Jennifer, played by Julienne Hanzelka Kim, could find her birth mother on her own except for one small problem: she's agoraphobic and, hence, unable to leave her house. She hasn't always been this way, and her retreat to the comfort and safety of her bedroom are of great concern to her adoptive parents, particularly her mother Adele (Linda Gehringer), who attempts to bribe, cajole, and guilt-trip her daughter into stepping outside.
It takes awhile for the play to get going, as there's a large amount of exposition needed. Also, Kim begins at such a high level of agitation that it leaves her nowhere to go. Incredibly, the actress is able to sustain this manic energy level throughout the play, but it's wearing on the audience. She is more effective in the rare moments when she slows down and allows herself to connect to her character's emotions.
Director Jackson Gay may be partly to blame; he has paced the production so relentlessly that several of the cast members end up giving highly exaggerated performances. Michael Cullen overplays the role of Jennifer's cheery, understanding Dad. Gehringer also pushes too hard at times, although a scene between her and Kim's Jennifer while Adele is calling from an airplane is quite touching.
Remy Auberjonois delivers the most high-energy performance of all, yet it's also the most consistently entertaining. The actor plays a number of different roles, including a conflicted Mormon missionary, a crazed robotics professor, and a stern army colonel. He gives each of them a uniquely crafted personality, and his final appearance as Terrence -- the Mormon missionary -- is especially moving.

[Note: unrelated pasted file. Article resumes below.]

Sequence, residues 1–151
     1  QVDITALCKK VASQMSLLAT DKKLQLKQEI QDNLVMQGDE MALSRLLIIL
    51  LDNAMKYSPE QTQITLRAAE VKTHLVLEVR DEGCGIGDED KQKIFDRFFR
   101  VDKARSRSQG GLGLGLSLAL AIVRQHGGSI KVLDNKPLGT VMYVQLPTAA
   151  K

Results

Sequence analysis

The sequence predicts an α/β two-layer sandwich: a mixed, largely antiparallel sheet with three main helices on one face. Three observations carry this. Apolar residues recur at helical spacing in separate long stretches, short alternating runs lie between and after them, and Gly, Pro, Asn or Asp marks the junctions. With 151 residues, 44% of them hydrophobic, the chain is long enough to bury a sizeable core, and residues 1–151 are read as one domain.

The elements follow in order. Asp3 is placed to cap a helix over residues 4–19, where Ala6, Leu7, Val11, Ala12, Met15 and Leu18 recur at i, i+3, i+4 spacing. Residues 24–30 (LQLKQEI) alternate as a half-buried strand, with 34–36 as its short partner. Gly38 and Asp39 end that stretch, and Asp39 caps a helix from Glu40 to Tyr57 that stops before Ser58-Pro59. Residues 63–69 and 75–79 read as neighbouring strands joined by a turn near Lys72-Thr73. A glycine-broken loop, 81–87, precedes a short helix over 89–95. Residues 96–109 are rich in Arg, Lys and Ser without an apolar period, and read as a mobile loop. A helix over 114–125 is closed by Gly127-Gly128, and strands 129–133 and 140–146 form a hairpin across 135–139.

Eunice Wong, as the robot Jenny Chow, captures both the mechanical precision of her character and Jenny's wide-eyed naiveté as she begins to learn things for herself. Ryan King does a fine job as Jennifer's best friend, Todd, who has some of the best lines in the script. My favorite is Todd's reaction to Jennifer's remarkable achievement of building a sentient robot in the space of a month: "Dude, one time it took me a month to make a bong."
Throughout the show, Takeshi Kata's set is reconfigured into a number of different shapes to suggest different locations. Tyler Micoleau's lighting helps with these scene shifts, as do the efforts of composer Matthew Suttor and sound designer Daniel Baker. Jenny Mannis has also done fine work on the costumes.
The Intelligent Design of Jenny Chow does not have closure in the traditional sense. Its author explores the theme of family dysfunction in a compelling manner, refusing to offer easy solutions. There's so much here that's left unresolved, it almost seems as if Jones has set up the play for a sequel.
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